Ankle sprains can sideline you for a few days, a few weeks or even longer, depending on the severity, but at some point, after the swelling subsides, it’s important to initiate simple movement strategies to help stretch the area and strengthen it so the injury won’t repeat itself.
Fortunately, the most common exercises recommended by experts, including the American Academy of Family Physicians, are simple to understand and easy to perform. Believe it or not, the key to getting back on your feet isn’t just to immobilize the ankle; it’s actually to do the opposite: get it moving again and hopefully restore pain-free, strong range of motion again. Here are a few of the best exercises to get you started:
For Range of Motion
- Use a towel or band to pull the foot toward the face in a non-gravity position (lying down). Hold a pain-free stretch for 15-30 seconds; repeat four more times. Repeat exercise 3-5 times a day.
- Stand with heels on floor and bend at knees. Hold a pain-free stretch for 15-30 seconds. Perform five repetitions; repeat exercise 3-5 times a day.
- Draw letters of the alphabet (lowercase and uppercase) with affected foot. Repeat 4-5 times a day.
- Using wall, floor or opposite foot for resistance: push foot downward, pull foot upward, push foot inward and outward. Hold each position for 5 seconds, do 10 repetitions for each position, and repeat entire exercise sequence three times a day.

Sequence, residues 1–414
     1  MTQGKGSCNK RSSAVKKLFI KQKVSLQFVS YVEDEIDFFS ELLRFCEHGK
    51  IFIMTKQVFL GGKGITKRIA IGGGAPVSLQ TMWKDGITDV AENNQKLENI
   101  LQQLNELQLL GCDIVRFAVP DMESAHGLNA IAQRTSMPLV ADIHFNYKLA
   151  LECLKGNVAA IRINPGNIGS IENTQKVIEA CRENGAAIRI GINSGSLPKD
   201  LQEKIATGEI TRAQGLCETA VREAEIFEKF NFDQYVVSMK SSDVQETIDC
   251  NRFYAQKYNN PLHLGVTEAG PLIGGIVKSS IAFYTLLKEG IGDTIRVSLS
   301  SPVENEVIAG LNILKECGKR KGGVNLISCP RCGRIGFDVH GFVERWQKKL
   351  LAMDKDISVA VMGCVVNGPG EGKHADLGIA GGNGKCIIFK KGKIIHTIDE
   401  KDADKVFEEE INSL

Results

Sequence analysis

- With affected foot on towel, curl toes to move towel toward body. Perform 10 repetitions, twice a day. Can also curl toes throughout day during normal activities.
- Use toes of affected foot to pick up marbles or similar objects from floor. Perform 10 repetitions, twice a day.
- Walk forward and backward on toes and heels. Perform 10 repetitions of each direction (as tolerated); repeat twice per day.
Keep in mind that depending on the severity of the sprain and the types of activities you perform, you’ll need to progress from these exercises to maneuvers that re-establish balance, postural control and a full functional return to activity. That means you’ll need to build up to running / cutting / moving just like you did prior to the injury.
Also keep in mind that chiropractic care can be a great option as well, which your doctor of chiropractic can discuss with you along with the tips mentioned above. Click here for a great article on conservative care for ankle sprains that highlights exercise options and the potential for chiropractic care to assist in the rehab process.
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